Wairarapa’s largest town, 105km
north-west of Wellington. Each year the town hosts the international shearing competition, the Golden Shears.
Masterton was founded in 1854 by the Small Farms Association. The association was led by Joseph Masters—after
whom the town was named—and aimed to settle working people in villages and on the land. The Chamberlain Family
moved from Wellington to settle here prior to 1858. At first Masterton grew slowly, but as its farming
hinterland became more productive it began to prosper. In the 1870s it overtook Greytown as Wairarapa’s major
town. It was reached by the railway line from Wellington in 1880. This cemented the town’s position as the
region’s main market and distribution centre.
on the Waipoua river, sixty-seven miles north-east from Wellington, Masterton is the chief town of the
Wairarapa, and is in the county of Masterton. The surrounding country is level and undulating, and well suited
for grazing, dairying, and mixed farming purposes. Masterton has two daily newspapers, a post and telegraph and
money order office, four branch banks, two clubs, a museum, a district high school, a technical school, a large
number of fine business premises, gasworks, several good hotels, and a number of handsome private residences.
The churches are represented by the Anglican, Presbyterian, Roman Catholic, and Wesleyan denominations, besides
a strong detachment of the Salvation Army. The industries of the town include a fellmongery, creamery, flour
mills, saw — mills, cordial factories, sash and door factories, cement and pipe factory, engineering works, and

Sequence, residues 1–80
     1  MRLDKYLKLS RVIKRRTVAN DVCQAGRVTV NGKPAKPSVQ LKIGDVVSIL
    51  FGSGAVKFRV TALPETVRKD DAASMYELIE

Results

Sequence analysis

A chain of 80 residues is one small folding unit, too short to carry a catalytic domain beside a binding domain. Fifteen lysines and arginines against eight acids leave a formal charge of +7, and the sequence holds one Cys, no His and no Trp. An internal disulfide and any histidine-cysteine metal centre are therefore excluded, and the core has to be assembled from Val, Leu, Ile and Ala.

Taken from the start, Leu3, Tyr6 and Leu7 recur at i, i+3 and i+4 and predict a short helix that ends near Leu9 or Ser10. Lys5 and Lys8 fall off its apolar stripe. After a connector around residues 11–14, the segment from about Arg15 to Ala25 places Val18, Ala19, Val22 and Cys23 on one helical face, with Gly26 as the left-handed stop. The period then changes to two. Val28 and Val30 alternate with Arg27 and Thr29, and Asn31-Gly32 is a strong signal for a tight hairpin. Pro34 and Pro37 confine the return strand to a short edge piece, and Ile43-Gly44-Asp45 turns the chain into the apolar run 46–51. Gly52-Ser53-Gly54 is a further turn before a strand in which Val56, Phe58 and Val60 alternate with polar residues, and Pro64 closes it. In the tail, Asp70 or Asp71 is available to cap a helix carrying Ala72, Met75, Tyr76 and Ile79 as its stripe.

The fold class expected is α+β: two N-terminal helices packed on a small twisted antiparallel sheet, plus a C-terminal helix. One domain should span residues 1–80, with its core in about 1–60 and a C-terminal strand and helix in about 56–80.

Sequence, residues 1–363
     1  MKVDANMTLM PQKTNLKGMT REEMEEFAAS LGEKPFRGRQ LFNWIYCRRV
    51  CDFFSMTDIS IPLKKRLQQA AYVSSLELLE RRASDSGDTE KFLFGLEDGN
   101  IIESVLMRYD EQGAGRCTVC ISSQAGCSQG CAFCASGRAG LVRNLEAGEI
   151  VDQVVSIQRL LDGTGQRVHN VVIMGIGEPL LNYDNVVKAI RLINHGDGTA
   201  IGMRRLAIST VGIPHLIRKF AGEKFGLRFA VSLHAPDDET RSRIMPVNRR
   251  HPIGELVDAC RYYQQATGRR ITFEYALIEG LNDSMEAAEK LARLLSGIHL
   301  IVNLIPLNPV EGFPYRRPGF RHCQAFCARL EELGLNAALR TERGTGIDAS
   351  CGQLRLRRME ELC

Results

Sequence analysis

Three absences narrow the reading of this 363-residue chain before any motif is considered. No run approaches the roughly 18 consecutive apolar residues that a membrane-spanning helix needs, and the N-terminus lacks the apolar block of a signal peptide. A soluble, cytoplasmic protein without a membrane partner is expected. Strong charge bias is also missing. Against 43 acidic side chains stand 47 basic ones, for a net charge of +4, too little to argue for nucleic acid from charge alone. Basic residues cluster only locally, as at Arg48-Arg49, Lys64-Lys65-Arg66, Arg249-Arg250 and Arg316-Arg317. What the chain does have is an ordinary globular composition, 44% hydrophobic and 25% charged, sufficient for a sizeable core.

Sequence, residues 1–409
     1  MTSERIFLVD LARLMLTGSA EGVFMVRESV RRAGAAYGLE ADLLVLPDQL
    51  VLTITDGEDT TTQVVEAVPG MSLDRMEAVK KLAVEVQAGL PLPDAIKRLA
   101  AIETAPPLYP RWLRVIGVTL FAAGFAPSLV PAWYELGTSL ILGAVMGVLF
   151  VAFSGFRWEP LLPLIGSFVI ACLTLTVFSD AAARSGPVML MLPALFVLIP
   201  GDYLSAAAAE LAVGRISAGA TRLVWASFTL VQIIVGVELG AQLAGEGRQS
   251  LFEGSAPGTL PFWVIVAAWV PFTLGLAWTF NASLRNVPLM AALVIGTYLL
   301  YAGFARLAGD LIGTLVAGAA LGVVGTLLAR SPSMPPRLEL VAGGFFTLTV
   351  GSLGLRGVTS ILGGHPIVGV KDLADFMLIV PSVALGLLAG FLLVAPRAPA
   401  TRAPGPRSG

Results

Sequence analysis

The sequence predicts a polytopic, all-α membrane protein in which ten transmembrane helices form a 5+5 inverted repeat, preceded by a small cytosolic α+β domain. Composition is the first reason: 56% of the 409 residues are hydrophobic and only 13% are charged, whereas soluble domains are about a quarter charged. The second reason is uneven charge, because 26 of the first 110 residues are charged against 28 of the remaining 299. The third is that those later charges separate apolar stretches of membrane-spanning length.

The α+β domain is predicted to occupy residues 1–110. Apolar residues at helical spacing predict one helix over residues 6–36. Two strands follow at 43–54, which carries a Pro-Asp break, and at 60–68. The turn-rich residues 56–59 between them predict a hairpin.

coach and carriage factories. Grape growing and wine making is a growing industry, and there is also a large bee
farm at Kuripuni. The town is well laid out, the streets are wide, and the centre of the town is a rectangle.
Queen street, which is the principal business thoroughfare, has some fine shops, hotels, and other buildings,
which present a good appearance. The recreation ground, or public park, occupies a reserve of about twenty-eight
acres. The grounds are well laid out, prettily planted, and comprise a fine artificial lake. A few acres of the
recreation reserve are cut off for the cemetery, in which there are many handsome monuments bearing the names of
early settlers, prominent among them being that of Mr. Joseph Masters, described as “one of the founders of
Masterton, after whom the town was named.” There is an important public body in Masterton, known as the Town
Lands Trust, which was established by the early settlers for the advancement of education and other public
affairs. The town possesses a hospital, acknowledged to be one of the most complete and best managed country
hospitals in the Dominion. Adjacent to the town are the fish ponds and hatcheries of the Wellington
Acclimatisation Society, and from these hatcheries trout are distributed throughout New Zealand and to the
Australian States. Visitors are admitted to inspect these ponds and hatcheries every day, except Sunday, from 1
to 5 p.m. There is splendid trout fishing in the Waipoua, Ruamahanga, and Waingawa rivers, which are close to
the town. The roads around and throughout the whole of the Wairarapa are excellent for cycling. Coaches run
north-east to Taueru, Carswells, Tenui, Whakataki, Castle Point, Blairlogie station, Kohiwai, Riversdale,
Waikaratei, and Homewood; and south to Carterton and Greytown. There is an Agricultural and Pastoral Association in Masterton, the show of which is held in October.
(People you meet on the way to Masterton)